Auburn got off to a horrific start, mounted a furious comeback, and ultimately fell short of victory in head coach Cadillac Williams’ first outing leading the Tigers.
To begin the game, Mississippi State put 17 points on the board before Auburn amassed 25 yards of total offense.
Bulldogs’ quarterback Will Rogers was slicing and dicing the Tigers’ defense so easily in the first sixteen minutes of play that at least 50 Mississippi State points seemed like an good bet at the time.
To compound the issues, Auburn’s offense, which has struggled mightily most of the year, looked to be the worst version of itself all season. The Tigers could not muster even a few yards on its opening possessions of the contest.
All of these weaknesses combined with a mix and match coaching staff that had short notice to prepare for the game pointed to a Bulldog blowout.
Auburn did manage to stop the bleeding on defense and only allow one score from Mississippi State over the last 13 minutes of the second quarter while adding two field goals of their own to make it 24-6 at halftime.
It was an incredibly ugly first thirty minutes of action for Auburn on the road in Starkville and Tiger fans could not have been confident it would get any better based on the second half futility of the last 12 or so games.
There is no way to know what exactly was said at halftime or what specific schematic changes were made, but Auburn came out and played its best second half of football in recent memory.
Auburn’s offense, led by quarterback Robby Ashford, still could not consistently block Bulldog defenders or complete passes down the field, but did manage to break several explosive runs that gave the Tigers a chance.
Ashford and junior running back Tank Bigsby combined for three rushing touchdowns, leading Auburn to 27 points in the second half alone.
At the same time the Auburn offense found some rhythm, the Tigers’ defense put a chokehold on the Mississippi State offense for a quarter and a half.
The Tigers defense, led by standout senior pass rusher Derick Hall, forced multiple turnovers, tightened pass coverage, and sacked the Bulldogs’ quarterback four times in the final thirty minutes of regulation.
Both sides of the ball finding their footing at the same time led to an improbable comeback on the road that saw Auburn eventually take a 33-30 lead with just under three minutes left in the fourth quarter.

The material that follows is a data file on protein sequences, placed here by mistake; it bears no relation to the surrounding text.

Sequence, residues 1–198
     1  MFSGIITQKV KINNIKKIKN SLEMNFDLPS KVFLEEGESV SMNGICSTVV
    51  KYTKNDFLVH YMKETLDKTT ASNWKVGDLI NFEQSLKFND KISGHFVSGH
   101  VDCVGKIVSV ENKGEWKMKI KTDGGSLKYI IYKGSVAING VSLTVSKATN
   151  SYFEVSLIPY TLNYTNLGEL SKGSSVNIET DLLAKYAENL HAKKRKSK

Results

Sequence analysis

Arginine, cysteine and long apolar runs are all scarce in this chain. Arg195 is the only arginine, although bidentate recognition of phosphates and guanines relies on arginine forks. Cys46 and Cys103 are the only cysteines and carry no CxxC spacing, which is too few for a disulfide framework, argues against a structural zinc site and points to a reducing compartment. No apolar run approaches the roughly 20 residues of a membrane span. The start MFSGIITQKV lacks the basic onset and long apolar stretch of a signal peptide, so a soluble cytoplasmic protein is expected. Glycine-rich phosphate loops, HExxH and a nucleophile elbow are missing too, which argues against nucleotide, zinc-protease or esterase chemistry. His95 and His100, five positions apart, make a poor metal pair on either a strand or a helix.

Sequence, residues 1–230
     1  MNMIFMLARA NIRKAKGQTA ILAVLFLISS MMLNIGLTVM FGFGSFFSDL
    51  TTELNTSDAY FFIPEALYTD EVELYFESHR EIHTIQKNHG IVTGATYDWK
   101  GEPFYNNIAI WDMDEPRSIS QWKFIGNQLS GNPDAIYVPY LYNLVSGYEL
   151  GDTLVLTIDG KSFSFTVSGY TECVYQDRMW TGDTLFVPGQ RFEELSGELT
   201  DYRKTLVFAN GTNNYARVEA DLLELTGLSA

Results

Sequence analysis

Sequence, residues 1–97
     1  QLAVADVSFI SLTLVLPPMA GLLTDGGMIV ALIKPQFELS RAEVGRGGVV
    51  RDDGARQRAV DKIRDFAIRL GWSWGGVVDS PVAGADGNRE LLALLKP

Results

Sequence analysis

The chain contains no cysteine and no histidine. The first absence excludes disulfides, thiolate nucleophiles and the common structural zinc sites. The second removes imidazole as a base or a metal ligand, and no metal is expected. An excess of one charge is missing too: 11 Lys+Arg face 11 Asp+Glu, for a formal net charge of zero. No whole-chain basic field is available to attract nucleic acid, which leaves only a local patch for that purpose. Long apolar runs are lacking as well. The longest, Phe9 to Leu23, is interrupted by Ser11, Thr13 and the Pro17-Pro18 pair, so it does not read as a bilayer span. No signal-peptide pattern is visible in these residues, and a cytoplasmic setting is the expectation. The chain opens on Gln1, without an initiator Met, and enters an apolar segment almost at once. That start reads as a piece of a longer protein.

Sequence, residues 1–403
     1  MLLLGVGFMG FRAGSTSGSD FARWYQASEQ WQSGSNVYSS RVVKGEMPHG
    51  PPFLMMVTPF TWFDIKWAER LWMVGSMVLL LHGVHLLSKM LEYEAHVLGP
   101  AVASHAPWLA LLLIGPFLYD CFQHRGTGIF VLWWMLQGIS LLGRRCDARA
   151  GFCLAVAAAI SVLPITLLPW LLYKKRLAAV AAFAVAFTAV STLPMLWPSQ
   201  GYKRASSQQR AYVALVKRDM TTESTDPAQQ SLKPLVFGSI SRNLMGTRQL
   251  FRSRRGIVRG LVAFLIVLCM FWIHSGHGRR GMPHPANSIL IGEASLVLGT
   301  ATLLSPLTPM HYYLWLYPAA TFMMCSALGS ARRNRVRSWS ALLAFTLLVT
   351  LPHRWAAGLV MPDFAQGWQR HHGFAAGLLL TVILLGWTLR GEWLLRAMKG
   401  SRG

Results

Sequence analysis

Unfortunately, Auburn would concede the game tying field goal in regulation that would force overtime in which the Tigers would ultimately fall.
Auburn’s unexpected comeback bid would ultimately fail and the Tigers dropped their fifth consecutive SEC game.
The Tigers are now 3-6 on the season with a 1-5 SEC record. This loss means that Auburn would have to win all of their remaining games to reach bowl eligibility, an unlikely feat.
It is no secret that this Auburn team has deficiencies and weaknesses, many of which remained even after a change at head coach. Auburn was penalized 15 times, the kicking game performance approached a disastrous level, and the Tigers’ coaching staff would likely love to have the opportunity to re-make a handful of decisions regarding 4th down choices and extra points.
Auburn’s game against Mississippi State was often sloppy, disjointed, and quite frankly not very good football. When trailing by nearly twenty points in the first half, it would have been very easy for Auburn to lay down and accept the beatdown that seemed imminent.
But Derick Hall, Colby Wooden, Tank Bigsby, Jarquez Hunter, Robby Ashford and all the other Tigers didn’t do that.
Auburn did not quit because their head coach would not let them.
Auburn University, its football program, and the opportunity to lead it means far too much to Cadillac Williams for that to be an option.
The Tigers’ loss is not a moral victory, and it should not be treated as such. This game counts in the loss column exactly the same as the preceding five in 2022.
However, the effort and enthusiasm exhibited by this group of Auburn Tigers on the road at Mississippi State potentially lays the foundation for something bigger than the result of one game in Starkville.
The 2022 Auburn Tigers won’t be remembered as champions of college football or the SEC, but the amount of effort and toughness that they display over the final three games will determine if these Tigers are the ones who begin to turn this proud program back around.
Zack Shaw is a contributing writer for Yellowhammer News and former walk-on for the Auburn Tigers.